Grading

Assignments (40%)
At each class meeting you will be given individual assignments to be completed and posted on the private wiki before the start of the following class (typically two weeks later). For each assignment, you will be assigned to a group that is expected to helps its members with any questions or problems completing the assignment. Groups members may help each other by editing each other's work. You work will be graded and comments will be sent to you from the instructor. You can then improve your work which will be marked again two weeks later. Your grade for each assignment will be the the sum of your grade at the original due data plus the grade on the corrected work two weeks later plus the average of your group's grade on their original due date. The purpose is to encourage group cooperation so each member produces strong work at the first due date. Grades will be based not only on the correctness of the solution but also on the effectiveness and creativity of appropriate graphical presentations. You will receive 8 or 9 out of 10 for work that is correct and complete. To receive 10 out of 10, you must also show extra effort to explain the solution or find an appropriate graphical representation of the solution.
Consulting Project (40%)
The grade will be based on the appropriateness and quality of the statistical analyses, their the quality of exposition, the quality of presentation.
Contributions to the public wiki (10%)
Class participation (10%)
This is based on the preparation of question on the assigned readings (to be posted on the wiki), attendance, preparation for class and participation in class discussions.

Class list and teams

Class list
Number Family name Given name e-mail Week 1 Status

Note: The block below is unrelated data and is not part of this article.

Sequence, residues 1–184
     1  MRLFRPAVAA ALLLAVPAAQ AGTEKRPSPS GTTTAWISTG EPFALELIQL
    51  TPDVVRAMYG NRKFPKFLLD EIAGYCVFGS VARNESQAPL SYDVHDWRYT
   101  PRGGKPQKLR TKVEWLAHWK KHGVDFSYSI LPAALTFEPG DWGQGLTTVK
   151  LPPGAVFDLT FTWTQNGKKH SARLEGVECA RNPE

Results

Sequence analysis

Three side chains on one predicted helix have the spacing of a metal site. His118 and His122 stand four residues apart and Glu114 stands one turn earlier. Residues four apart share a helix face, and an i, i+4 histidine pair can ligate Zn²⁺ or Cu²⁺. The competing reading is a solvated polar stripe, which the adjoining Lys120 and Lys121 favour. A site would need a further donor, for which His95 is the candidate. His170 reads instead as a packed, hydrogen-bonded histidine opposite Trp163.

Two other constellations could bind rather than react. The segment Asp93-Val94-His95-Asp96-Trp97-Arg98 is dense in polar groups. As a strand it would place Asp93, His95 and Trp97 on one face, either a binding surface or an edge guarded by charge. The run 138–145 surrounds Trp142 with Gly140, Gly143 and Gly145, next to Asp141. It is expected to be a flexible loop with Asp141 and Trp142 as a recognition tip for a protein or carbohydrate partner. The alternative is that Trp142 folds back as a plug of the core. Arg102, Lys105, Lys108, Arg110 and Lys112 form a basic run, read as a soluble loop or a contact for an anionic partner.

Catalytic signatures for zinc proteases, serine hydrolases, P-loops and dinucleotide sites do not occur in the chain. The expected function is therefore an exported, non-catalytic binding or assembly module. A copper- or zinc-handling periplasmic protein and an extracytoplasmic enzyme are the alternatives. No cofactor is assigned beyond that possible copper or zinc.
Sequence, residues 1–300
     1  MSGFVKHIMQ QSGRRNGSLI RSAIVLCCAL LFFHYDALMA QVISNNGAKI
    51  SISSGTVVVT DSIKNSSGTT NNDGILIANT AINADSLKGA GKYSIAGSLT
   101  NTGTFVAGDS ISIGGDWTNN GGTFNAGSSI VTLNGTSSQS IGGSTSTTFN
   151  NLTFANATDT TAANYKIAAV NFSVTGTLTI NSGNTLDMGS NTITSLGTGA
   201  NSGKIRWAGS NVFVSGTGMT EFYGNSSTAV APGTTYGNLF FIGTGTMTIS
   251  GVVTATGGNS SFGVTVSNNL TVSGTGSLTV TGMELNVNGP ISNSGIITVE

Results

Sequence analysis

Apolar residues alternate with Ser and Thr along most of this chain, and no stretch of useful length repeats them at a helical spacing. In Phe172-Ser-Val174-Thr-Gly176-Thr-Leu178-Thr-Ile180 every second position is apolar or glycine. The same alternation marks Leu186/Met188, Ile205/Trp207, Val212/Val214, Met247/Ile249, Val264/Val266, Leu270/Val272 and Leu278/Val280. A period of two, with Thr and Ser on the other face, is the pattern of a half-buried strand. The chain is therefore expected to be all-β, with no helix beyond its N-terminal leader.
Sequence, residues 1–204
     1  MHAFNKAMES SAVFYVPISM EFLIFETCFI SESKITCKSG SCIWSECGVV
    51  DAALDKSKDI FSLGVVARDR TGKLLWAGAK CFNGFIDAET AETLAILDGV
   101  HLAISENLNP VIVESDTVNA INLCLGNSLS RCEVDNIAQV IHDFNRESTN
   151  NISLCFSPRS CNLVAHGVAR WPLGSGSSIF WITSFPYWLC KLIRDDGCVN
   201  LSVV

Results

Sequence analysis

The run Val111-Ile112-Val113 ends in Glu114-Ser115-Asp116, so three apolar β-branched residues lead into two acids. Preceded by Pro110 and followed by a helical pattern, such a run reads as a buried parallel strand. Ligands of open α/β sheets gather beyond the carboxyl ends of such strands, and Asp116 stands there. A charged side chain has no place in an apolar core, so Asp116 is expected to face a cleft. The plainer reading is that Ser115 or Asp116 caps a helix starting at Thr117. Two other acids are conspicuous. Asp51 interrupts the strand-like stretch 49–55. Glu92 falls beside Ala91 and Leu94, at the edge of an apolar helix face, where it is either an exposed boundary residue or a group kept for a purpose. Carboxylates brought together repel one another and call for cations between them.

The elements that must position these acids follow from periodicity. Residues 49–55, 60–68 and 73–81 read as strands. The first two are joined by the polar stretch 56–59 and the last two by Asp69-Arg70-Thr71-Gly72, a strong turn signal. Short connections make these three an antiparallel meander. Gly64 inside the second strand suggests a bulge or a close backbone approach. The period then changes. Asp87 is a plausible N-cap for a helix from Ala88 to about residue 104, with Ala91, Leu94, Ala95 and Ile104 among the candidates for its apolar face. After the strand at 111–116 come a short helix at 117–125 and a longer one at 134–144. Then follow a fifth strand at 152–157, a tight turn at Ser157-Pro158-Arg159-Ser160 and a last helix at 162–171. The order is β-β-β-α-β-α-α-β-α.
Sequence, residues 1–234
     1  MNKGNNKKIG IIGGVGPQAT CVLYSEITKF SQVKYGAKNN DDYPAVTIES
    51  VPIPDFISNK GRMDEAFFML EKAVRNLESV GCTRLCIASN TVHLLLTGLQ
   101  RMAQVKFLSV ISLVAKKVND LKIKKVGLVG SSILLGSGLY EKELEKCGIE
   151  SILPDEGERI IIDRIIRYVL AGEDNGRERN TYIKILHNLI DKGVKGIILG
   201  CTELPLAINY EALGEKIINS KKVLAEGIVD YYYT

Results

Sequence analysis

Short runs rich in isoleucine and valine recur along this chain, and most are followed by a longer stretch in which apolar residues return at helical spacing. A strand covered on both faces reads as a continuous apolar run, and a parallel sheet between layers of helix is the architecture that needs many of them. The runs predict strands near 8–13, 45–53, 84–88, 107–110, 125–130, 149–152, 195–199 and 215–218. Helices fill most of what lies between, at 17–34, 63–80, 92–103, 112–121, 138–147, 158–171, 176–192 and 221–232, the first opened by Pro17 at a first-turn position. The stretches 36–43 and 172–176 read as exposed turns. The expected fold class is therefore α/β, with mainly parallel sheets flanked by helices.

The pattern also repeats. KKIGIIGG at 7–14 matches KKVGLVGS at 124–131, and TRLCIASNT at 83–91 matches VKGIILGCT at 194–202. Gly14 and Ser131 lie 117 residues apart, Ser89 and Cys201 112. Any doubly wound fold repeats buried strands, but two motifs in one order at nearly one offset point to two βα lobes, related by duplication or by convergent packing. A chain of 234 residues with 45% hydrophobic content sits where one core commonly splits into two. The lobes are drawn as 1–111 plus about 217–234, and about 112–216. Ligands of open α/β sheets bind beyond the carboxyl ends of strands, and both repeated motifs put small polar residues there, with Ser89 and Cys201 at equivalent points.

1 Boulsaien Khaled bouls801@yorku.ca A
2 Cao Jianzhe adamcao@yorku.ca B
3 Chane Parminder pchane@yorku.ca C
4 Gao Isabel isabelg@mathstat.yorku.ca D
5 Khan Sabria sabria@yorku.ca A
6 Leeza Nusrat nsleeza@yorku.ca B
7 Liao Yang liaoyang@yorku.ca C
X MeschianMehran mmeschia@yorku.ca D dropped
9 Nabipoor Sanjebad Majid masaba@yorku.ca A
10 Palma Luis luispal@yorku.ca B inactive
11 Shakya Sulin sshakya@yorku.ca C
12 Shi Xiaoping xpshi@yorku.ca D
13 Xu Hong hongxu@yorku.ca A
14 Pope Chris u843603@mathstat.yorku.ca C
8 Faroque Shahela TBD D dropped


Schedule

Week 1: September 10, 2008

Topics
Course organization
Participation in SCS seminars
You are welcome to attend SCS (Statistical Consulting Service) weekly meetings which consist of bi-weekly 'staff meetings' and bi-weekly seminars on a statistical topic of interest to statistical consultants. The exact topic for this year will be determined in two weeks. Meetings take place every Friday at 2:30 in TEL 5082. Please send an e-mail message to Georges Monette to have your name added to the SCS mailing list. Note that SCS also offers short courses some of which might be of interest to you.
Consulting, communication, writing reports 
Statistical consulting environment
Writing reports: Secret of good writing: write so your reader understands you!
Notes on writing reports
Seven basic principles
Not all consulting activities require a formal report. Often a phone call, a verbal report in a face to face meeting, a letter or a memo are the most efficient way of communicating to a client
Communication:
Interpersonal aspects of statistical consulting: Janice Derr, Statistical Consulting Video
Contributions by Doug Zahn
The role of statistics in society -- understanding evidence 
One of of the greatest challenges in understanding evidence is bridging the gap between observational data and causal inference, i.e. understanding the links between statistical significance and statistical meaning.
Statistics in the news: Lies or Statistics
Smoking: Observational vs. Experimental data: rough notes


The Fundamental Contingency Table of Statistics
  Types of Data
Experimental Observational
Types of Inference Causal Where Fisher would like us to be Where we often are
Predictive Very rare but problematic Good for 'prediction' not 'causal inference':